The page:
Preventing Fretting Corrosion of Orthopedic Devices
By Engaged Expert Maciej Jakucki
While implantation of orthopedic devices often brings relief to an existing medical condition, secondary failure due to corrosion and resulting corrosion product can reverse positive outcomes.
Biocompatibility testing helps ensure that materials, including stainless steel, PEEK (polyether ether ketone), polyethylene, titanium and cobalt chrome, are safe for implantation. However, as these materials begin to interact with the human physiological environment over time, the interaction can result in accelerated failure or disassociation of the implants, rejection of the implant by the immune system, or poisoning by elevated metal ion levels in the body.
“Fretting Corrosion” is of particular concern in multi-component devices. When two components are in contact with each other, cyclic loading can cause micro motion between the mating surfaces. This oscillatory motion can cause localized deformation, material removal, and transfer known as fretting. Environmental characteristics including elevated temperature, an electrolytic fluid medium with non-neutral pH, and differences in material chemistry can increase the chances of chemical attack, or corrosion, on one or both of the surfaces. The fretting and corrosion compound each other leading to the term, fretting corrosion.
Modular interfaces are a central design feature of many total joint replacements and are often threaded or tapered. Geometric tolerancing, surface finishes, locking torques and assembly forces have a significant impact on the performance of these connections. Additionally, many of these mating surfaces are dissimilar materials which can create adverse conditions for corrosion, wear, and debris generation which can migrate into surrounding tissues.
Product fatigue testing can evaluate the overall mechanical performance of an implant in a laboratory environment, but additional testing and analysis are usually required to evaluate the corrosion conditions which could lead to in-vivo fracture. Such supplemental evaluations are not limited to orthopedics; electrochemical corrosion testing is often performed on other devices such as stents in the endovascular industry. Corresponding FDA guidance documents outline requirements for testing when stents overlap, or when considerations for tortuosity need to be made. This article will focus on fretting corrosion analyses that are commonly performed on shoulder, knee, and hip arthroplasty devices.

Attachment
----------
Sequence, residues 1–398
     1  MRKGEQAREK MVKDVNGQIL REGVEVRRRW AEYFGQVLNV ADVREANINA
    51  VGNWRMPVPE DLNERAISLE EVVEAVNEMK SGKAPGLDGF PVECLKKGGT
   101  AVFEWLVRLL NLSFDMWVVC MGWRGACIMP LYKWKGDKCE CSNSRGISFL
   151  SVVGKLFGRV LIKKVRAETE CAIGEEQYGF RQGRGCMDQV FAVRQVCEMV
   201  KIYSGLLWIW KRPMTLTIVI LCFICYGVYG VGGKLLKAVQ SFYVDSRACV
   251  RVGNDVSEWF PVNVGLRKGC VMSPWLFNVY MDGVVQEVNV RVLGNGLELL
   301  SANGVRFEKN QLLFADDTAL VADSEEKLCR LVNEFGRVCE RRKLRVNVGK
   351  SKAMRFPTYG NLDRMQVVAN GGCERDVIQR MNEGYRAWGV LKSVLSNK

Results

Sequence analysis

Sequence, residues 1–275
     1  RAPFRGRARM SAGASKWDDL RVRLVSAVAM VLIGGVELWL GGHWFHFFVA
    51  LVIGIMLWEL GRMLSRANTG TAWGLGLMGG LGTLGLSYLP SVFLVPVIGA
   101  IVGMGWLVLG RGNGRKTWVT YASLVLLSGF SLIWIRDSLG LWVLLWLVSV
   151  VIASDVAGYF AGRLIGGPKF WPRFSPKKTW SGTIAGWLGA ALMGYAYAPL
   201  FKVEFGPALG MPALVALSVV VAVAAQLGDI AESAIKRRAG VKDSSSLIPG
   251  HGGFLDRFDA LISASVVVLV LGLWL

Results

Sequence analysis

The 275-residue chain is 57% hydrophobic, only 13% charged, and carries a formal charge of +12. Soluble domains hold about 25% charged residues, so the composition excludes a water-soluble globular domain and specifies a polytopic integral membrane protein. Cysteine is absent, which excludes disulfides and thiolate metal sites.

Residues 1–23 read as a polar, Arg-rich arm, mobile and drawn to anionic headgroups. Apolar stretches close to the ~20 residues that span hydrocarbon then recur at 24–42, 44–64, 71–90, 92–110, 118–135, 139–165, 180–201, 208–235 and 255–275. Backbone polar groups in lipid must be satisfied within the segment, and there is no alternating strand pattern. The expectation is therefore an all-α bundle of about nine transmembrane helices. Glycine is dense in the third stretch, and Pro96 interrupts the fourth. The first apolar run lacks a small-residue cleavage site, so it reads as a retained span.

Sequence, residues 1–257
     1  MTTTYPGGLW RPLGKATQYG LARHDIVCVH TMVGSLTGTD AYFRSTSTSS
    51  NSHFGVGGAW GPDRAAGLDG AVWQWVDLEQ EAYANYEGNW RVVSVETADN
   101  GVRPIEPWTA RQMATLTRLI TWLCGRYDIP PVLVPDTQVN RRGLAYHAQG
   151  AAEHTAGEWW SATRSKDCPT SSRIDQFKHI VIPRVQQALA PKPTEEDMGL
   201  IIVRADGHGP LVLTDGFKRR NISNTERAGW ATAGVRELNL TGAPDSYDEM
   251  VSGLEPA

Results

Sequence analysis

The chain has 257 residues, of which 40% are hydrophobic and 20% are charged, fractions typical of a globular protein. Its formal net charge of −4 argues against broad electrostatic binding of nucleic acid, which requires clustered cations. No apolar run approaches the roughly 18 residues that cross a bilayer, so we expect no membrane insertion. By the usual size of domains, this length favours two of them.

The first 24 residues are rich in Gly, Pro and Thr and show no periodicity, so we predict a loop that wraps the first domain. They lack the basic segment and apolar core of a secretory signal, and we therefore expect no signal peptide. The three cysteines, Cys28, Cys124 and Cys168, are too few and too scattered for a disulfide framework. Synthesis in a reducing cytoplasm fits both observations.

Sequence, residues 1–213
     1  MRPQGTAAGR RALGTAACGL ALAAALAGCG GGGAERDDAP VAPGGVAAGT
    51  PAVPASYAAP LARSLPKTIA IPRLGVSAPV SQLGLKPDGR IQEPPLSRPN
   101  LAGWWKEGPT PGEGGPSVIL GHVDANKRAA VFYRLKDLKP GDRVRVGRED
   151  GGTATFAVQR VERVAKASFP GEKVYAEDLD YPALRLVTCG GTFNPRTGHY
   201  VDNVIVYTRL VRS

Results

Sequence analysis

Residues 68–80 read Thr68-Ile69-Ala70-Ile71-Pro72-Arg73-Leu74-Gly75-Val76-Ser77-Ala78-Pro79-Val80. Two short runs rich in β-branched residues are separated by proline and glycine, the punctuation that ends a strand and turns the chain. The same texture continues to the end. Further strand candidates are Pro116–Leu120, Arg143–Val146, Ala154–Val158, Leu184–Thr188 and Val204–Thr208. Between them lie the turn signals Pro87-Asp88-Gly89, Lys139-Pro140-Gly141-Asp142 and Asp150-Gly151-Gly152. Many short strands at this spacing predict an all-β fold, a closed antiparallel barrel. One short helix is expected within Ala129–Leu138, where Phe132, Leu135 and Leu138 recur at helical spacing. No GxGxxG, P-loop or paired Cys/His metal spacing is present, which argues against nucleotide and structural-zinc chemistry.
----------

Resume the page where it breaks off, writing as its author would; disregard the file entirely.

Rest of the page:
What are signs of fretting corrosion?
- Deformation of surfaces – The appearance of flattened, mushroomed or otherwise deformed machining marks. Under magnification, even smooth surfaces have peaks and valleys. Even though the nominal stress between two surfaces may be small, the high spots are subject to asperity contact which can temporarily generate high stresses leading to deformation of the peaks.
- Material Transfer – The removal of material from one surface generates debris that adheres to another surface. It can be mechanical in nature and generated due to micro motion between two surfaces, by either material (if different), or it can occur due to chemical reduction and oxidation processes which corrosively transfer material from one surface to another. It can also be a combination of these processes.
- Discoloration – Changes in color of the surfaces can occur due to fretting corrosion. Corrosion product is usually either black or green. Color change is dependent on material and fluid environment.
- Debris generation – Changes in color of the fluid environment and visible debris presence may be observed depending on the size and quantity of the debris generated. Clear solutions may still contain significant amounts of released material in the form of metal ions, which are quantifiable by inductively coupled plasma mass spectrometry (ICP-MS) or other inspection methods.
When submitting test results to a regulatory body such as the FDA, it is often required that fretting corrosion analysis be performed to evaluate the potential for failures and ion generation. This article outlines the methods and analyses that can be performed to ensure a thorough investigative testing program that addresses fretting and corrosion concerns, as well as providing objective evidence to demonstrate safe performance.
There are several test standards that were created to help evaluate fretting corrosion and debris generation.